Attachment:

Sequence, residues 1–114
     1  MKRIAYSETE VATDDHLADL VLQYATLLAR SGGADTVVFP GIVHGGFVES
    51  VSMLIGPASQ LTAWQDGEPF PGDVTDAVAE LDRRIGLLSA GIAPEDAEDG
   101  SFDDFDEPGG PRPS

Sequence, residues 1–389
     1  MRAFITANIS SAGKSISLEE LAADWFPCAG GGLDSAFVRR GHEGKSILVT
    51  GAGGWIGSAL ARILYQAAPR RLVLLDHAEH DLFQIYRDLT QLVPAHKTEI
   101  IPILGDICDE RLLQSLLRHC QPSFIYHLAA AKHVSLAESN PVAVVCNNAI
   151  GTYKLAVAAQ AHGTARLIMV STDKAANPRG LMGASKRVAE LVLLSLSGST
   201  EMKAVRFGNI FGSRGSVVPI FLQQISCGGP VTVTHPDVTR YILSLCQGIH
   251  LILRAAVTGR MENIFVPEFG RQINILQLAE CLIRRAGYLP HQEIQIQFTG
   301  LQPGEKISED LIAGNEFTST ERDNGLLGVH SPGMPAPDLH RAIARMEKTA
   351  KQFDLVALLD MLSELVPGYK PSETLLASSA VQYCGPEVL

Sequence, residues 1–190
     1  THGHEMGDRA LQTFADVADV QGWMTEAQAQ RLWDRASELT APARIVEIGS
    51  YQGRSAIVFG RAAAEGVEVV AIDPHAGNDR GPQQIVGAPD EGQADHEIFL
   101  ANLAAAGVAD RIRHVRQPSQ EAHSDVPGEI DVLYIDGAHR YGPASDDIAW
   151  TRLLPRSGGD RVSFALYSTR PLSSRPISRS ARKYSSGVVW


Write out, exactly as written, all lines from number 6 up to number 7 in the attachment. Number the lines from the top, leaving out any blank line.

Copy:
     1  MRAFITANIS SAGKSISLEE LAADWFPCAG GGLDSAFVRR GHEGKSILVT
    51  GAGGWIGSAL ARILYQAAPR RLVLLDHAEH DLFQIYRDLT QLVPAHKTEI